To compete in today’s digital market, brands must take a strategic, ecosystem-driven approach to integration that expands market opportunity, gives their distribution model a competitive edge, and improves the consumer experience.
Modern hybrid cloud and on-premises integration enables retailers transitioning to a DTC model to reduce complexity without sacrificing control. This enables them to broaden their market reach and facilitate the development of more efficient, cohesive e-commerce and digital marketplace channels.
Once the B2B apps are integrated successfully, DTC retailers can offer a personalized and flexible CX online without relying on a wholesale distributor. The brand then has a greater degree of control over the shopping experience and customer service.
Success may very well be determined by how well a business manages the customer experience and meets customer expectations.
3. Does the logistics team have the resources to handle DTC? If not, what adjustments to the business should be made for the DTC model to work efficiently?
DTC requires the internal team to manage all sales, shipping, and manufacturing, which can be quite a burden for a small workforce. As a result, it is critical to ensure that the business has the resources necessary to handle the additional labor required to transition to a DTC model. The organization’s entire business model may need to be altered in order to implement a DTC strategy at scale.
Certain tasks can be automated, freeing up employees’ time to work on more complex projects. A sufficient workforce equipped with the appropriate tools simplifies any task. Similarly, the appropriate integration technology enables the ecosystem to function optimally both now and in the long run.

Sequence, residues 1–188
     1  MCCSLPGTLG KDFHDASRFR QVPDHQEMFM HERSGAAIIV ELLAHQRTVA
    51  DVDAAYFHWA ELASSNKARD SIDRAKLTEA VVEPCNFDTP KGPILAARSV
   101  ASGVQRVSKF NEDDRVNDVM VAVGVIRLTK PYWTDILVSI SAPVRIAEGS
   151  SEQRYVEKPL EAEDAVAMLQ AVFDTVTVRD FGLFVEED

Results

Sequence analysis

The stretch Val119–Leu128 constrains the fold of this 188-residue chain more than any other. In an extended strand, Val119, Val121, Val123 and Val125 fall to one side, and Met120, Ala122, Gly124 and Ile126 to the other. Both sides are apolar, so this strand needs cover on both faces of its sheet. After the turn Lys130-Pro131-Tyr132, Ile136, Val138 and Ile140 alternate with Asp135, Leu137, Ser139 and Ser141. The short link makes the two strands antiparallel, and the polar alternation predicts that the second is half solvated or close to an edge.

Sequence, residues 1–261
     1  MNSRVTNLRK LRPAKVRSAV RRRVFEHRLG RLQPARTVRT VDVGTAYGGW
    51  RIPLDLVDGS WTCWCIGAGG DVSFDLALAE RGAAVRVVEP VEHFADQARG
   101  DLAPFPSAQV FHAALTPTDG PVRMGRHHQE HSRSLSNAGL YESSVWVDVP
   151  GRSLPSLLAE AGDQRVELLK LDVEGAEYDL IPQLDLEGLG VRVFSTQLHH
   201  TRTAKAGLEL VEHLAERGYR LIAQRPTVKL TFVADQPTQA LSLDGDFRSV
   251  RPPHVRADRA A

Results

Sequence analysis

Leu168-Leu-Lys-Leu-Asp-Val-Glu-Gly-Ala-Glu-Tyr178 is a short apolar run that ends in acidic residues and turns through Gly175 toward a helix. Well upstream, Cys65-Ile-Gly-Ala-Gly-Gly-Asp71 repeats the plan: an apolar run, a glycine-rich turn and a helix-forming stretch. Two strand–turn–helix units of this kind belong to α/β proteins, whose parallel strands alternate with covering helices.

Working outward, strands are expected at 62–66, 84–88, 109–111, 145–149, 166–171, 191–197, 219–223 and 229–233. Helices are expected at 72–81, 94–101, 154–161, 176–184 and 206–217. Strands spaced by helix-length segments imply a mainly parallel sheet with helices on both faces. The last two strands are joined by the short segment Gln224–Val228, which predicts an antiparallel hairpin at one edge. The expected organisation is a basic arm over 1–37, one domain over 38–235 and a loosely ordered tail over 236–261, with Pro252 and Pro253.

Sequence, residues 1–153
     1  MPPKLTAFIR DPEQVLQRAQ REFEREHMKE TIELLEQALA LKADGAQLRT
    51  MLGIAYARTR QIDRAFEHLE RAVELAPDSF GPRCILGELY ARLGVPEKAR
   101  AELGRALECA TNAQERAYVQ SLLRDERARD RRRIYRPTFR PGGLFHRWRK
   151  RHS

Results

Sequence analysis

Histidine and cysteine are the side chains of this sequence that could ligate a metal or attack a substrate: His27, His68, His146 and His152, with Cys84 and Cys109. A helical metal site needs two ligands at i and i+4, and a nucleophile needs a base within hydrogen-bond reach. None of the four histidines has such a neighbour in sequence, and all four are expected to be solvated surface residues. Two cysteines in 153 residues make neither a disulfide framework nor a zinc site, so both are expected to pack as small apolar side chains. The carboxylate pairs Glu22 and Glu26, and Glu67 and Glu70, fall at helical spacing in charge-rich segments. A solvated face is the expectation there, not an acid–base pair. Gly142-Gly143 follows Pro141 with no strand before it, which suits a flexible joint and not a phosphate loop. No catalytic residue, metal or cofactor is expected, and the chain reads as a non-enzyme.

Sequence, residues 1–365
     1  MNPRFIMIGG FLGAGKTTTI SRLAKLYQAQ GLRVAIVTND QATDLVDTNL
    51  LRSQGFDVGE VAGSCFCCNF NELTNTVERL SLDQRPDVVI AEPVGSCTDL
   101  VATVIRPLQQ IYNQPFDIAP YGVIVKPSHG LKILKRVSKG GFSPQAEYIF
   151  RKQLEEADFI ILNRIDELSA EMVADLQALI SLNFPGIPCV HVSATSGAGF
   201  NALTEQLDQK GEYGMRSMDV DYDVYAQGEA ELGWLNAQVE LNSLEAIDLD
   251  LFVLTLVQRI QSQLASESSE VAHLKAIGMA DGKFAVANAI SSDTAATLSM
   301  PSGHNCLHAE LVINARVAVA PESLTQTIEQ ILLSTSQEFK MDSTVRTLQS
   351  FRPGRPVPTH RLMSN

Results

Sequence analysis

With e-commerce integration, data accuracy is never a guessing game. Whereas with manual data entry, human error is always a possibility. Inventory synchronization, real-time track updates, and pricing all contribute to the acceleration and accuracy of data exchange.
Prior to deciding to go DTC, it’s critical to consider all of the changes that will need to be made across the business model in order to meet customer demands and avoid employees becoming overwhelmed by a new, increased workload. Without the need for additional resources, an e-commerce integration platform can enable businesses to handle increased demand.
Use Technology to Build a Solid Foundation for DTC
As evidenced by global brands such as Nike, retail and consumer products companies are increasingly adopting direct-to-consumer (DTC) models in order to compete directly with the wholesale distribution model.
While switching to DTC offers significant financial benefits, it can introduce significant complications if done without first considering the organization’s technology infrastructure, customer demand, and available bandwidth to fulfill DTC orders.
Prior to taking the next step toward a DTC model, brands must ensure that their B2B integrations are functioning flawlessly.